House funding bill includes bipartisan Medicare reforms

House funding bill includes bipartisan Medicare reforms
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The House’s short-term bill to fund the government also includes a range of bipartisan Medicare reforms aimed at making the program more efficient and saving money over the long term.

The measure, known as the Chronic Care Act, has largely flown under the radar because it has been mainly free of political controversy.

It is the product of almost three years of work from both parties in the Senate Finance Committee, which began with a working group in 2015 looking for ways to better coordinate care for Medicare enrollees with chronic conditions.

“This legislation will improve disease management, lower Medicare costs and streamline care coordination services — all without adding to the deficit,” Senate Finance Committee Chairman Orrin HatchOrrin Grant HatchKey Republicans say Biden can break Washington gridlock Trump awards Medal of Freedom to racing industry icon Roger Penske Trump holds more Medal of Freedom ceremonies than predecessors but awards fewer medals MORE (R-Utah) said in a statement.

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He added that the bill “is one of the few bipartisan healthcare bills to pass the Senate this Congress, and it’s time we act quickly on this legislation and get it to the president’s desk to be signed into law.”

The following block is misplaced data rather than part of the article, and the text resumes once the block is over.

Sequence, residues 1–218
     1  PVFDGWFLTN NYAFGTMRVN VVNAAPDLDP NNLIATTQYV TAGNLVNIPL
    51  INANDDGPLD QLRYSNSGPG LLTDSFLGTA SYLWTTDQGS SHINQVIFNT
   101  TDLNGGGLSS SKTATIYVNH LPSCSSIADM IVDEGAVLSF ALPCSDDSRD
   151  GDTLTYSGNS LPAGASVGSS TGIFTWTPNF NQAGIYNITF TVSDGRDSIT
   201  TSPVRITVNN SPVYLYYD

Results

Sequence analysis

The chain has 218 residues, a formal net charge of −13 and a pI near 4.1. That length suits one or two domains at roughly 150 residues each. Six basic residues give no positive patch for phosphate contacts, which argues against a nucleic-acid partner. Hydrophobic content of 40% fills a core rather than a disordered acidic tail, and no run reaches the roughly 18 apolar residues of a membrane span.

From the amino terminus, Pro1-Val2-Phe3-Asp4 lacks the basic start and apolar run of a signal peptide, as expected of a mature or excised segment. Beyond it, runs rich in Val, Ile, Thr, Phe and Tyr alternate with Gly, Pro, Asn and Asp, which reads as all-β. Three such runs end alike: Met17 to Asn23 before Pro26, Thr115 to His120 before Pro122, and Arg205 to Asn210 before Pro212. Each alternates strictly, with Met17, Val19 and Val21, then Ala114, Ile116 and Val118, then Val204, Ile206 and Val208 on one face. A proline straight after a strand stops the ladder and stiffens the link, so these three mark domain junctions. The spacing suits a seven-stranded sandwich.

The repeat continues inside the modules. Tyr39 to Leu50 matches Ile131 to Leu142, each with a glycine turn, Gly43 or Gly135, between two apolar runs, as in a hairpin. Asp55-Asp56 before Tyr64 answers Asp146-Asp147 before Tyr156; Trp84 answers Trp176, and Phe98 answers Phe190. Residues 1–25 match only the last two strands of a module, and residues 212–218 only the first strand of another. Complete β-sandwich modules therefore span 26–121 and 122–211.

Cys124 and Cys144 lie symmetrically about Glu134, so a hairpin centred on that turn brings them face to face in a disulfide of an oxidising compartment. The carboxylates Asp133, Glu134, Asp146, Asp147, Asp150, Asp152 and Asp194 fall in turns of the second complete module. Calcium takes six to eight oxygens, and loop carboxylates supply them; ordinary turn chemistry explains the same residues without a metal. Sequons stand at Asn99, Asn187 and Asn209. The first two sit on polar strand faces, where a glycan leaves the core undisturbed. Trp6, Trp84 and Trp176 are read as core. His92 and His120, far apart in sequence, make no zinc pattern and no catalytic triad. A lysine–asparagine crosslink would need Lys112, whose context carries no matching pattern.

The measure includes a range of initiatives, such as expanding a program where patients can be treated at home, avoiding expensive hospitalizations. The bill also gives more flexibility to Accountable Care Organizations, groups of doctors that band together to coordinate care for patients in an effort to save money.

Both of those programs were originally spurred by ObamaCare, but they are fairly obscure and free of the controversy around better-known parts of the law.

Sen. Ron WydenRonald (Ron) Lee WydenTrump escalates fight over tax on tech giants Trump administration proposes tariffs on .4B in French goods Democratic congressman calls for study of effects of sex-trafficking law MORE (D-Ore.), the top Democrat on the Finance Committee, has been heavily involved in the effort, along with Sens. Mark WarnerMark Robert WarnerHillicon Valley: House passes anti-robocall bill | Senators inch forward on privacy legislation | Trump escalates fight over tech tax | Illinois families sue TikTok | Senators get classified briefing on ransomware Senators sound alarm on dangers of ransomware attacks after briefing Hillicon Valley: Dueling bills set stage for privacy debate | Google co-founders step down from parent company | Advocates rally for self-driving car bill | Elon Musk defamation trial begins | Lawsuit accuses TikTok of sharing data with China MORE (D-Va.) and Johnny IsaksonJohnny IsaksonLoeffler plans to spend million on Georgia Senate campaign Georgia governor bucks Trump with Senate seat appointment Lawmakers to watch during Wednesday's impeachment hearing MORE (R-Ga.).